This is how InternetFM came into existence.
Just like many of my contemporaries, I grew up in awe of FM radio, and the disc jockeys that fronted these great rock stations of the seventies. My influences were from WROQ-FM and WAYS-AM in Charlotte, North Carolina. Everyone had a favorite DJ, whether it was Cousin Brucie from WABC or Tom Donahoe of KPMX in San Francisco. Wolfman Jack came to prominence by airing on the powerful AM’s out of cross border towns in Mexico, unrestrained by FCC power limits.Mine were Robert Murphy and Jay Thomas.
Forty-two miles north of Charlotte, my foray into music radio started in the winter of 1977 at WDBM-AM in Statesville, North Carolina. It was a 500-watt, daytime only, top forty station. The town itself boasted 25,000 people, and it was where I was finishing my senior year of high school. I worked weekends, and eventually evenings, as the days got longer, and the station was allowed to remain on the air until sunset. It was live radio with two turntables, a cart machine, and no safety net. It was also $2.50 an hour. Not a promising future for someone who “has a face for radio and a voice for the printed page.” I begged the FM program director to give me some airtime on the sister station to no avail. Their programming stretched well beyond the constant A-B-C song rotation and frequent repetition on the AM side.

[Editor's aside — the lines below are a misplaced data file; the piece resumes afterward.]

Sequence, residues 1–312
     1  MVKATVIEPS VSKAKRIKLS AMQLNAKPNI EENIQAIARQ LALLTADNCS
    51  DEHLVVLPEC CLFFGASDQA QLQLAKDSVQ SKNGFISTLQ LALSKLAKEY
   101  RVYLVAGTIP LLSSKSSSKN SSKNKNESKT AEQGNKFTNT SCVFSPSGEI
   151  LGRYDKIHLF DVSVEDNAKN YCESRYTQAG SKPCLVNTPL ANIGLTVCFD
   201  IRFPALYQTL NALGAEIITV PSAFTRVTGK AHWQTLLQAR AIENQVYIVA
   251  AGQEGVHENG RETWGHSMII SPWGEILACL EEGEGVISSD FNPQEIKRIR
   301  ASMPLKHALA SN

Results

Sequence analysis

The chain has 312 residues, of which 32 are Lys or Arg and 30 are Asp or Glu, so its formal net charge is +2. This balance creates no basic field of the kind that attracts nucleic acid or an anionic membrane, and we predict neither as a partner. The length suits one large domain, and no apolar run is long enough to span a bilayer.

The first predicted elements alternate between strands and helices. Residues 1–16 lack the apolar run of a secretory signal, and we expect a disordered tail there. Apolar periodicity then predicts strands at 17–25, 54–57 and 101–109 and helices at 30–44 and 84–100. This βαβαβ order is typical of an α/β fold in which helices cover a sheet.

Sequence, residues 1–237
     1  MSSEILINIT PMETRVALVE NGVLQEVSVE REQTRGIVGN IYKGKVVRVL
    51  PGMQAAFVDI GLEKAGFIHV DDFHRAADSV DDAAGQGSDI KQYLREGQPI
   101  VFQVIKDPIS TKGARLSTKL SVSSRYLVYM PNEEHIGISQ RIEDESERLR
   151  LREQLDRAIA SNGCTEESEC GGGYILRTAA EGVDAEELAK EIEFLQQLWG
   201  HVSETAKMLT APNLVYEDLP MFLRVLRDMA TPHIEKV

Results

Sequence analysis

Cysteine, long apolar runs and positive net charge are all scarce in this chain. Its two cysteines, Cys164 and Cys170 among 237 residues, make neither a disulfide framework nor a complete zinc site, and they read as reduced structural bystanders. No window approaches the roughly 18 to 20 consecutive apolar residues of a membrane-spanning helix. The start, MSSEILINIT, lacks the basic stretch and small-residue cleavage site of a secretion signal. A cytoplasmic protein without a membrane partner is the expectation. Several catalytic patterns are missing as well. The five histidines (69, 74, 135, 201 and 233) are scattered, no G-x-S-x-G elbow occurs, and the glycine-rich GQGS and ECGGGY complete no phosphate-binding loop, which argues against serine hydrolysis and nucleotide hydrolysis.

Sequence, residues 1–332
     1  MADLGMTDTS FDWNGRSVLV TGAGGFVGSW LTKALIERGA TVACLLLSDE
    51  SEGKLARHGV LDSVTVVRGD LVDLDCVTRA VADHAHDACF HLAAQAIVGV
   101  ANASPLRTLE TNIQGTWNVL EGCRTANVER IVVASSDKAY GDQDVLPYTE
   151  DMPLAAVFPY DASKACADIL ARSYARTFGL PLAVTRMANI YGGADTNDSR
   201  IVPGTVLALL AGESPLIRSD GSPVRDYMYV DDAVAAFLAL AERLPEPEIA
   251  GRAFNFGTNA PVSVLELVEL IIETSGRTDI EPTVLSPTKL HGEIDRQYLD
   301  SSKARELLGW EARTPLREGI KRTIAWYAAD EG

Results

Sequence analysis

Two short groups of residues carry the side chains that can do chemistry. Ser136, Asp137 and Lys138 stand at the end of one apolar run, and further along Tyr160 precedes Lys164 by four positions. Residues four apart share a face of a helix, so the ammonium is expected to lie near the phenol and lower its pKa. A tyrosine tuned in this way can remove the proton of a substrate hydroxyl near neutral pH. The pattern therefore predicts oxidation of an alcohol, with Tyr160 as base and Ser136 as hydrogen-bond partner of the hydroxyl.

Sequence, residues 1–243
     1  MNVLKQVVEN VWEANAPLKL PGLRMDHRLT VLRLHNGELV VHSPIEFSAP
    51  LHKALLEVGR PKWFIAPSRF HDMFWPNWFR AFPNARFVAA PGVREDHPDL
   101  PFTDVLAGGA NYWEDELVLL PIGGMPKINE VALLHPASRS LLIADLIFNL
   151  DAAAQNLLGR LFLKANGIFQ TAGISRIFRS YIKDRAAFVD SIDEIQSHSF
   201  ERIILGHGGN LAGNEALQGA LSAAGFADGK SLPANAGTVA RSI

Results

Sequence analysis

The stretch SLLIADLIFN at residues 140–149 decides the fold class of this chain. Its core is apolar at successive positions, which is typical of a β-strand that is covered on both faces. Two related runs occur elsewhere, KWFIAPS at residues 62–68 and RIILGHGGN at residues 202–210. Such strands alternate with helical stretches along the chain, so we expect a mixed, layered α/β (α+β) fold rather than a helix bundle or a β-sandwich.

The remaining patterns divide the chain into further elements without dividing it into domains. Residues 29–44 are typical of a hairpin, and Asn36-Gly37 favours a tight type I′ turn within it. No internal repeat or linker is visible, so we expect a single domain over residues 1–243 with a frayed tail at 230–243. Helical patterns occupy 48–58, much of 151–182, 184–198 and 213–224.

So I decided to go to college instead, enrolled at the University of North Carolina at Chapel Hill, and majored in Chemistry (pre-med). It was probably more so because my family pushed me towards a profession, not necessarily because that was my career goal. Nonetheless, I kept working to expand my knowledge of music, hoping that someday, somehow I might try again. I probably drove my fraternity brothers crazy, constantly borrowing their records and taping them on my JVC cassette deck. And that might have been the end of the story, but as sometimes happens, life veered in a different direction, and due to some unforeseen circumstances, I never became a doctor.